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Bad day for injured driver

Bad day for injured driver

August 27
07:16 2020

Bad day for injured driver

In December 2012, a vehicle driven by Brandon DeBruce rear-ended a vehicle driven by Christina Wright on Interstate 24 in Hamilton County, Tennessee. DeBruce was insured under an automobile liability policy issued by Tennessee Farmers Mutual Insurance Company. DeBruce’s wife timely reported the accident to Tennessee Farmers. Tennessee Farmers paid DeBruce and Wright for their property damage under DeBruce’s policy.

In December 2013, Wright sued DeBruce, seeking compensation for her injuries arising out of the collision. In September 2014, DeBruce was served with a summons and a complaint. DeBruce did not notify Tennessee Farmers about the lawsuit even though the policy required him to do so.

Tennessee Farmers learned about the lawsuit in January 2015 from Wright’s attorney.

DeBruce did not respond to telephone calls from Tennessee Farmers and twice failed to appear for an examination under oath. Under the policy, DeBruce had to cooperate with Tennessee Farmers in investigating and defending the claims asserted in the lawsuit.

In March 2015, Tennessee Farmers sought a declaratory judgment action against DeBruce that it did not have to provide him a defense in the personal injury suit or indemnify him for any damages awarded to Wright. Tennessee Farmers asserted that DeBruce breached the policy when he did not notify it of the lawsuit filed by Wright and that he failed to cooperate in the investigation of the accident. DeBruce did not respond.

In June 2015, the trial court granted Tennessee Farmers’ motion for default judgment, holding that it had no duty to defend or indemnify DeBruce in the personal injury lawsuit based on his breach of the policy.

In March 2017, Wright moved to set aside the default judgment and allow her to intervene. Wright asserted that she was an indispensable party to the declaratory judgment action because she had a direct interest in the outcome of the case. In denying Wright’s motion, the court held she was not a necessary party because she was merely an incidental beneficiary of the Tennessee Farmers policy. Wright appealed.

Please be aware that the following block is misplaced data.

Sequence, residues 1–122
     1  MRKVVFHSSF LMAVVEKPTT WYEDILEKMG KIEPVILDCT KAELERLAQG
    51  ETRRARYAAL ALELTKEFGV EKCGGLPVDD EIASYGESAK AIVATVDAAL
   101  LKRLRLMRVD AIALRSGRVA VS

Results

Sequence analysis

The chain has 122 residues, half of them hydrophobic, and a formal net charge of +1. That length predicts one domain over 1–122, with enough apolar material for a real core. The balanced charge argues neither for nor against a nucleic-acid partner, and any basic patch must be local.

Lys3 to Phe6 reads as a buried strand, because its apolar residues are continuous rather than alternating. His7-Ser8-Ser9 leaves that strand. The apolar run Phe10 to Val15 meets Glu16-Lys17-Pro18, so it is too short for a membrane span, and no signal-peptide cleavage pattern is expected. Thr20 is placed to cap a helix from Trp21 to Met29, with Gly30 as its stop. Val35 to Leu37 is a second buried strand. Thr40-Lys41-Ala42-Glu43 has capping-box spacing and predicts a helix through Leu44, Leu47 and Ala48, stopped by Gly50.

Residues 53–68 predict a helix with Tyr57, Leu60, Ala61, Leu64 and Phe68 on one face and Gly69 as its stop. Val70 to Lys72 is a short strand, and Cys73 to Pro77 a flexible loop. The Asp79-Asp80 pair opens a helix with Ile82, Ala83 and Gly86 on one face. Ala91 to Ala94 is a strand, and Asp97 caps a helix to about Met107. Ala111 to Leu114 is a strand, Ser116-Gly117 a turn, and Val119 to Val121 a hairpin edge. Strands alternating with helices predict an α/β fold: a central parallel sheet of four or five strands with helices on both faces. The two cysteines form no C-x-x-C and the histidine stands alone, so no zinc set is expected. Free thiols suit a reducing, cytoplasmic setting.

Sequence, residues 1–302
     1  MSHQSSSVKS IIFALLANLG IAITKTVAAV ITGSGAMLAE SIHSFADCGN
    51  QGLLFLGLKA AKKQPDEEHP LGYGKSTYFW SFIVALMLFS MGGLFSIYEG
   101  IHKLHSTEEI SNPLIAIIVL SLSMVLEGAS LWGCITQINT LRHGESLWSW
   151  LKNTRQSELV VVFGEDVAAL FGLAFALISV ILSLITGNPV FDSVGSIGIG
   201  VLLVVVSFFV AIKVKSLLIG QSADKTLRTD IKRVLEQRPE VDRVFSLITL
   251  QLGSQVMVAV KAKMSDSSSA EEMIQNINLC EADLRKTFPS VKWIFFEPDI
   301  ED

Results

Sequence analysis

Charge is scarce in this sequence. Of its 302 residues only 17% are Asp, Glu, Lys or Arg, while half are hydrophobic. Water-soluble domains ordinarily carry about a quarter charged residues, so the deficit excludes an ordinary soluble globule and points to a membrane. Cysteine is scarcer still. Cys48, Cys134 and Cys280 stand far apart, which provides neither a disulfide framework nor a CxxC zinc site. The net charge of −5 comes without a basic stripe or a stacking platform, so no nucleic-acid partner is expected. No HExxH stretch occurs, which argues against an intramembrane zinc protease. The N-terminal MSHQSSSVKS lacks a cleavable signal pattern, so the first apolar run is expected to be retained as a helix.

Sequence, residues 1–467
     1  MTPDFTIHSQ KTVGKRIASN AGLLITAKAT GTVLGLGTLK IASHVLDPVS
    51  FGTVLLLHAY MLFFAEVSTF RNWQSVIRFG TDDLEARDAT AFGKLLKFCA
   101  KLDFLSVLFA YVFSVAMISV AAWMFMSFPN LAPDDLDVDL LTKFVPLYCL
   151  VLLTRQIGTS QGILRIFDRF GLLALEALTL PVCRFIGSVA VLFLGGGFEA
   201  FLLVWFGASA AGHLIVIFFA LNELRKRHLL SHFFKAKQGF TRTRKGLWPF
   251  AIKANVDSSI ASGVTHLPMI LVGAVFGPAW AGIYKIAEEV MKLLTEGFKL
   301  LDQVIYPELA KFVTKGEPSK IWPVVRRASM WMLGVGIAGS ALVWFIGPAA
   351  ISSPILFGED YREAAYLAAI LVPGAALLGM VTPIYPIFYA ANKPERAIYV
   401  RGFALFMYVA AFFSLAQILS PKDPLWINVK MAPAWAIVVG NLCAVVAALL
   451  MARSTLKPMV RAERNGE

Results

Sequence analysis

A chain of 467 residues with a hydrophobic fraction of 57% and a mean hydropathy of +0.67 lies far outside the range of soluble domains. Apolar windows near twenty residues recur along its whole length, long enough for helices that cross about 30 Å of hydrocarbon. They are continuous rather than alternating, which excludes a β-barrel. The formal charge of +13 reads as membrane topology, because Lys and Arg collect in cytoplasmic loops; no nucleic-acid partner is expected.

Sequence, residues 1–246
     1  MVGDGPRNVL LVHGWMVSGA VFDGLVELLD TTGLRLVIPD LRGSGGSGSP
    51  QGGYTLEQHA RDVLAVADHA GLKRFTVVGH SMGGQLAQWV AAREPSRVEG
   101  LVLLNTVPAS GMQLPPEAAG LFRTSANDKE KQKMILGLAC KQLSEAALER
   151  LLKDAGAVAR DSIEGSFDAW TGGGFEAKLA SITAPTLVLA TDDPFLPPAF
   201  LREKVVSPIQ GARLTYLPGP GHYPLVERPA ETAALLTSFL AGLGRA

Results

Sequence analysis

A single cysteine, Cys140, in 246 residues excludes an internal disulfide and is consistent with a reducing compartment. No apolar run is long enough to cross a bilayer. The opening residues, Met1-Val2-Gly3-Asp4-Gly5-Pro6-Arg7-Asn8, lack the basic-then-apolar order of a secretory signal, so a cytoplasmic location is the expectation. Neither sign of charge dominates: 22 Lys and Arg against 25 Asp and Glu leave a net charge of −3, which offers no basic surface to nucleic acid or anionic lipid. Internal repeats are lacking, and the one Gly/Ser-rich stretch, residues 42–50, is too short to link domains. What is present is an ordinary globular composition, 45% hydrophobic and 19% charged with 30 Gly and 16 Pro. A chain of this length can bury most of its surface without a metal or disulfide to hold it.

On appeal, the court stated that under Tennessee law, Wright’s status as a necessary party hinged on whether she had “any interest which would be affected by a declaration.” Declaratory relief will be granted “only to parties who have a real interest in the litigation and when the case involves present rights that have accrued under presently existing facts.”

On the other hand, the court said, a claimant whose interest has not been reduced to a judgment against an insured has a remote interest that has not accrued into a real interest in the insurance policy. Having only a remote interest, the claimant cannot bring a direct action against the insurance company to recover damages under the policy because of the insured’s negligence.

Wright’s claim had not been reduced to a judgment, and thus she had no interest that would be affected by the declaratory judgment action. Wright’s joinder (the joining of two or more legal issues) would not have prevented the default judgment from being entered against DeBruce. Wright’s absence from the litigation did not impede the full termination of the controversy between Tennessee Farmers and DeBruce.

The judgment of the trial court was upheld.

Tennessee Farmers Mutual Insurance Company v. DeBruce—Supreme Court of Tennessee at Knoxville—May 30, 2019—No. 2017-02078-SC-R11-CV.

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